How to Add a Mailchimp Newsletter to WordPress.Com Blog – with Style!

I had a blog like this on my list of blogs to write, but she has done such a good job I don’t see any point in rehashing it. In this blog she tells you not only how to get the mail chimp (newsletter sign up) form on your blog, but also how to MAKE the form in the first place using Mail Chimp’s site. As a Mail Chimp user, I do recommend them (no, they don’t pay me!) as being simple to use.

Aniko Carmean

The true gift of having a clearly defined definition of success is that you begin to find exactly what you need to achieve that success. I discovered  YOUR FIRST 1000 Copiesby Tim Grahl exactly when I needed a guide for book marketing. I want to get the word out about my books, and I want to do it without being subservient to a cumbersome system I neither understand nor enjoy. Grahl gives me a blueprint to achieve that, and having a newsletter is an integral element in his system. In this post, I share what I’ve learned about setting up a Mailchimp newsletter and integrating it into your (free) WordPress.com blog.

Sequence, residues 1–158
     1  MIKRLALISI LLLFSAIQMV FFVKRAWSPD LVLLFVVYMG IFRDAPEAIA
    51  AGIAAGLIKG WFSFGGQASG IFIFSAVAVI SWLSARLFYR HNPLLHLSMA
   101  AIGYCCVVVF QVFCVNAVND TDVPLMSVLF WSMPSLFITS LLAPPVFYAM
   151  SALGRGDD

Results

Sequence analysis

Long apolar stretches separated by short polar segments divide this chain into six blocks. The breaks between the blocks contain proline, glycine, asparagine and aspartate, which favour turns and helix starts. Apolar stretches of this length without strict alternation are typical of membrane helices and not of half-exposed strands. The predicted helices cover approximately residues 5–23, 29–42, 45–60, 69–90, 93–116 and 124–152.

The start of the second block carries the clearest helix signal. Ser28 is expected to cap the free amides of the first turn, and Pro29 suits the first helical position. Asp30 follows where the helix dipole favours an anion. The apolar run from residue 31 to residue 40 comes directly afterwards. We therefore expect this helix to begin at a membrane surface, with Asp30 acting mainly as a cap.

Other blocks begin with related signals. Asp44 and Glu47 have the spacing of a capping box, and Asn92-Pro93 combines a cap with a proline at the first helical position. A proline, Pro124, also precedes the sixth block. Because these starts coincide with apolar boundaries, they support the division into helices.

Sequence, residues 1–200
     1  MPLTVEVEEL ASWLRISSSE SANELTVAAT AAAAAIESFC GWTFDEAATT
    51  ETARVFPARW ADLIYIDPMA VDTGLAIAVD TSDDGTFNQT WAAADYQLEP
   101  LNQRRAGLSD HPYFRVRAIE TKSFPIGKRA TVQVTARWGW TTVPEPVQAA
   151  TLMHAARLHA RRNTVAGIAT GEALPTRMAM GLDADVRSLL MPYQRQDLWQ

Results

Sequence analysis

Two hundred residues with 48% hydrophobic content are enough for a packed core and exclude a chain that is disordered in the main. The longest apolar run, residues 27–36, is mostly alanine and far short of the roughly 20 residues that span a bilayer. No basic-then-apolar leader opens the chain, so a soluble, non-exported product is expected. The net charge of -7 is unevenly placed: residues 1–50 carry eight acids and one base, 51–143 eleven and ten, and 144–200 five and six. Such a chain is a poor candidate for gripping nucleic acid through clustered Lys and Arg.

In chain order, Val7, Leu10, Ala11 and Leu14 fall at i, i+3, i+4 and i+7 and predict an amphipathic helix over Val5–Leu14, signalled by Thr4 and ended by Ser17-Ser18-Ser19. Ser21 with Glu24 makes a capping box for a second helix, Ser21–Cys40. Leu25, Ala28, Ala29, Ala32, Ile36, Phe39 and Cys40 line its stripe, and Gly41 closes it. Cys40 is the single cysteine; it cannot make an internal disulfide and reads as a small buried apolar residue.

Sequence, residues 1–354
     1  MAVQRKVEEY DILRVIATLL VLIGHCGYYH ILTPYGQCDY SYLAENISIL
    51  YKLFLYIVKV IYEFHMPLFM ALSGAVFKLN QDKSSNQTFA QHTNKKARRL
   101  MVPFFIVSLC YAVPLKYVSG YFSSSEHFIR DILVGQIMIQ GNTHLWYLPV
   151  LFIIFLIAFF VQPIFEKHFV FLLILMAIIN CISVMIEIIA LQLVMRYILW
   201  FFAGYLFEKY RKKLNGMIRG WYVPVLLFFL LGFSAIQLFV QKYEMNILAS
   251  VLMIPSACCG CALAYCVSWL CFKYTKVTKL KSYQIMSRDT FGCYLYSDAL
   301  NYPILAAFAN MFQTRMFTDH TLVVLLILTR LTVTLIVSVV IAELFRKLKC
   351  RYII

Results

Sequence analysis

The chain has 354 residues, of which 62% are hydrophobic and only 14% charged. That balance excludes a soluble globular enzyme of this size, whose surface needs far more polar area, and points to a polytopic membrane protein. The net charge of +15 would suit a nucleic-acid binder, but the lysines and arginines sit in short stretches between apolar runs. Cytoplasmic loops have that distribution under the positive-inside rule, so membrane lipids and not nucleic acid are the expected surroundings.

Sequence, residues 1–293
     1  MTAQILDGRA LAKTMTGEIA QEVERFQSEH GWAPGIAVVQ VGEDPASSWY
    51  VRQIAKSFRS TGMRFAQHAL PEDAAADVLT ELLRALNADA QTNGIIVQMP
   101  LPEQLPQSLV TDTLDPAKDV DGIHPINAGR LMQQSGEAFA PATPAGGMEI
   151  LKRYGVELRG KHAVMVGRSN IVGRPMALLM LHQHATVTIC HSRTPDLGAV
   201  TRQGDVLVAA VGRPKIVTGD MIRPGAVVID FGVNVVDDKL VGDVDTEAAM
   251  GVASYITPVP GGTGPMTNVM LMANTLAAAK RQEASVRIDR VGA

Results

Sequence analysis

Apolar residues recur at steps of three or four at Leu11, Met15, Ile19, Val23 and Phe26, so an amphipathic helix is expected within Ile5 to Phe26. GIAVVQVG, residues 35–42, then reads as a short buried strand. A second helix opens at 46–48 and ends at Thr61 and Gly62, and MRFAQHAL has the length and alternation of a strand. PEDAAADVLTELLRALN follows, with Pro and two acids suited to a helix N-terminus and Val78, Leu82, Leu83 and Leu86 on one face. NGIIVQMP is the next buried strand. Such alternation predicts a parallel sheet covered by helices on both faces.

Here are the main points I will cover:

  • Getting started with Mailchimp
  • Customizing Your Mailchimp sign-up form to coordinate with your WordPress.com blog
    • Use Google’s built-in developer tools to find the hexidecimal code for colors on your site
    • Set the font or…

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Categories: Uncategorized | 2 Comments

Your Gifts

“You have a great gift,” said the angel Clarence in the movie, “It’s a Wonderful Life.” Yes, you have. If you are a person of faith, you believe your talents come from God and you should not squander them.

In the picture below, you can see what I recently created for a romance group’s Christmas party where organizers challenged each member to bring something they made.

MyCraftWork3pic

Eye glass case, center; small notebook with felt heart, cross, and rickrack, left, and large notebook decorated with my Courtships and Carriages bookmark and rickrack, right.